“Turn Blue” – The Black Keys


I’ve said it before, and I’ll say it again: Anything that producer Danger Mouse (a.k.a. Brian Burton) touches is pure gold. Not only did he co-produce The Black Keys’ eighth studio album, Turn Blue, but he also co-wrote a lot of the songs with guitarist Dan Auerbach and drummer Patrick Carney. This fact is very evident in the album’s opening song, “Weight Of Love.” It sounds a lot like another album Danger Mouse worked on earlier this year, Broken Bells’ After The Disco. A nearly seven-minute-long opening track was a bold move for the Keys, but it plays out well and fully introduces the new psychedelic sound of the band. Auerbach stated that Turn Blue would be primarily a “headphone record,” which it undoubtedly is, once again made evident by “Weight Of Love.”

The record’s first single, “Fever,” was met with mixed feelings, as many fans worried there would be less guitar and more synth than on previous Keys albums. Although there is clearly more emphasis on synth leads and basslines on Turn Blue, there is still plenty of guitar riffing to go around. For example, one of my personal favorites, album closer “Gotta Get Away,” is pure classic rock with a guitar solo and power chords galore. Growing up listening to bands like The Eagles and Bachman-Turner Overdrive, I instantly fell in love with this track. Meanwhile, songs like the searing “Bullet In The Brain” showcase the aforementioned new emphasis on synth and bass.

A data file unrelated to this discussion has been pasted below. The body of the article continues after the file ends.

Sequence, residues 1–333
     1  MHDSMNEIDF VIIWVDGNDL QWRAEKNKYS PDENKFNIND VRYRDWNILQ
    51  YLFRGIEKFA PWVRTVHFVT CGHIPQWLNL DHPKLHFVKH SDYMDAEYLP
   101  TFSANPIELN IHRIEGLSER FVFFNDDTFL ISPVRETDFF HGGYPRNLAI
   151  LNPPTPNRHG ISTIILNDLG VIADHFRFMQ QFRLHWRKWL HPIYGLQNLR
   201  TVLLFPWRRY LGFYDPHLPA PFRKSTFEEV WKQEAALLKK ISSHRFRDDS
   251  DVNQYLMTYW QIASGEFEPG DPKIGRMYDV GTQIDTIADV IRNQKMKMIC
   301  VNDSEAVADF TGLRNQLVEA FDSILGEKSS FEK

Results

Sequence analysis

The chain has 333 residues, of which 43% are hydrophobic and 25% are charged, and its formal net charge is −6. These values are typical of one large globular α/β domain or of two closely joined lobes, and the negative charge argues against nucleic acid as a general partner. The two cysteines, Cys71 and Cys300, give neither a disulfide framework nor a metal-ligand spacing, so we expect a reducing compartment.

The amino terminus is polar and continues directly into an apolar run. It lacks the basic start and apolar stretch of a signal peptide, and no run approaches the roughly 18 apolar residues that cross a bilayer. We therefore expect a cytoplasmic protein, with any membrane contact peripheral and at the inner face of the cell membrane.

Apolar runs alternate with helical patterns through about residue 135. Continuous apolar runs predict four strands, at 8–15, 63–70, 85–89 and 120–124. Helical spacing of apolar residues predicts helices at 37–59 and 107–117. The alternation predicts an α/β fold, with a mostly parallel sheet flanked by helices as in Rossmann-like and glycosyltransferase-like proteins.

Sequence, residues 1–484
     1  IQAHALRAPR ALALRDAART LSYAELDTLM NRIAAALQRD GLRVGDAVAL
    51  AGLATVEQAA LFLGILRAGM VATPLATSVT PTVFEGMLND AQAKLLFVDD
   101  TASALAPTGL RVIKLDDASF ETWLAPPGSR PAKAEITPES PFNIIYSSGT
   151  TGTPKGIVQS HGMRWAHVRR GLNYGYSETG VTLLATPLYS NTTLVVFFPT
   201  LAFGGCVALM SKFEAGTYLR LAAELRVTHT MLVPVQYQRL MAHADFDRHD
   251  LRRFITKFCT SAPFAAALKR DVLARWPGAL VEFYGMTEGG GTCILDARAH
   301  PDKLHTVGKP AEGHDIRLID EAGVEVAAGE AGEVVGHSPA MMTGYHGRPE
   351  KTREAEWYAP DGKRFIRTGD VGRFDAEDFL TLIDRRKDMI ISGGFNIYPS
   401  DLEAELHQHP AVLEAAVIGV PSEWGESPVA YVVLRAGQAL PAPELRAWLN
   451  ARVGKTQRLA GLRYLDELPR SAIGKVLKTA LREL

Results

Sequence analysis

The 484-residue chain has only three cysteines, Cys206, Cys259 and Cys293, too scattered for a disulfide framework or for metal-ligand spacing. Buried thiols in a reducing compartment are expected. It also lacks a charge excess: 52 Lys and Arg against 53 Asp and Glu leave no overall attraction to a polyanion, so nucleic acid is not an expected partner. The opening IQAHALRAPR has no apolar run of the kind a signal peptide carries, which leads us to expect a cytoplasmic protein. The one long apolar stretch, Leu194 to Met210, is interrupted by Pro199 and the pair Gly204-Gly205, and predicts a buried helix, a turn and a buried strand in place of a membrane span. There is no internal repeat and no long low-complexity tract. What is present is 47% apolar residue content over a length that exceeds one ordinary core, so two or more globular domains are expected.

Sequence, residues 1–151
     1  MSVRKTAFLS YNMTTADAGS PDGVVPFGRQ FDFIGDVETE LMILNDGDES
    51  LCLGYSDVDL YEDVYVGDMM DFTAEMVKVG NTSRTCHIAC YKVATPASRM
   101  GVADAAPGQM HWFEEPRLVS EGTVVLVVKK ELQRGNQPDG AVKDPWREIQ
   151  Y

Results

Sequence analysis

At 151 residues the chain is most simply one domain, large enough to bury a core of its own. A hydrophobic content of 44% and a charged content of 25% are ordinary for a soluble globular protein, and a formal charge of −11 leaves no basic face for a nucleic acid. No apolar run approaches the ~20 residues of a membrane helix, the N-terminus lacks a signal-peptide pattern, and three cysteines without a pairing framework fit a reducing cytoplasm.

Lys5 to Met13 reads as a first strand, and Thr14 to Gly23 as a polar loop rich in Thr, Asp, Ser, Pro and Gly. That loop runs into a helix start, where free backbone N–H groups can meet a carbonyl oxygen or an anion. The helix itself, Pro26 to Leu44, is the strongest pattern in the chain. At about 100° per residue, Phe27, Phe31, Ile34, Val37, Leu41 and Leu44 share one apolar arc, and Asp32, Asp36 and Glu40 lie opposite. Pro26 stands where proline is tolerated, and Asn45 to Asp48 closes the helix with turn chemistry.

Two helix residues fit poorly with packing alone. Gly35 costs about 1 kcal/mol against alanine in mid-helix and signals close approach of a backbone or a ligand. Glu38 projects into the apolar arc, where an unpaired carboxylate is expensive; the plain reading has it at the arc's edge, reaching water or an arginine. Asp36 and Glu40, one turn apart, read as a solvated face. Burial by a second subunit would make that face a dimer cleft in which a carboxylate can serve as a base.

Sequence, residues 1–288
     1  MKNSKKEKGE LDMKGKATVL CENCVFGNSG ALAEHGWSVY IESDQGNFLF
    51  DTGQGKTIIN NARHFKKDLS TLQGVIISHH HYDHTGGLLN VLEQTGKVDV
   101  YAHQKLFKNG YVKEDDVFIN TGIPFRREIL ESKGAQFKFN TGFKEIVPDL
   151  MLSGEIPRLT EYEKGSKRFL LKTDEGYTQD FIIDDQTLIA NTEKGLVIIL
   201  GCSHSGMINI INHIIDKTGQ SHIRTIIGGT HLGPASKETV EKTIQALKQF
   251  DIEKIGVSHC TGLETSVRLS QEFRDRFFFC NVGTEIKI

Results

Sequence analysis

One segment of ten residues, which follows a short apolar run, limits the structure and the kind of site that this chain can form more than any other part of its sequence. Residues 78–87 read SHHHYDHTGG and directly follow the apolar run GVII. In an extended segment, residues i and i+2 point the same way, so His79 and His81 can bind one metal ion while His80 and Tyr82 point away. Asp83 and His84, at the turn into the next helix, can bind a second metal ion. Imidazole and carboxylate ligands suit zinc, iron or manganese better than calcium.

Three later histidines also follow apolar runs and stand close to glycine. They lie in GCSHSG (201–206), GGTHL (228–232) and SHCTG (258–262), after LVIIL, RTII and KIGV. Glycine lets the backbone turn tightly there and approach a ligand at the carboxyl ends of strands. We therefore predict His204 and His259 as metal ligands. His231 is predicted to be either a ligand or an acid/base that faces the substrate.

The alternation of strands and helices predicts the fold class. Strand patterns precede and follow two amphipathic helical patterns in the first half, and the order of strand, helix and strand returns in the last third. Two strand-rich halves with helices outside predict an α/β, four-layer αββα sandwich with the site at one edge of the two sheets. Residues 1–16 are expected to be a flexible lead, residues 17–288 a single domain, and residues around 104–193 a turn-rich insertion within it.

The album title, Turn Blue, describes the Keys’ lyrical content pretty well on its own: The lyrics all point to Auerbach’s vicious divorce, and you can really hear his pain as he sings lines like “Pour me down the drain, I disappear / Like every honest thing I used to hear.” As truly heartbreaking as Turn Blue is, it still manages to be one of the best albums of 2014 so far. If you like the rest of the Keys’ discography, you’ll grow to love their new psychedelic sound.

-Joe MacPhee

Recommended Jams: Weight Of Love, Fever, Bullet In The Brain, Gotta Get Away


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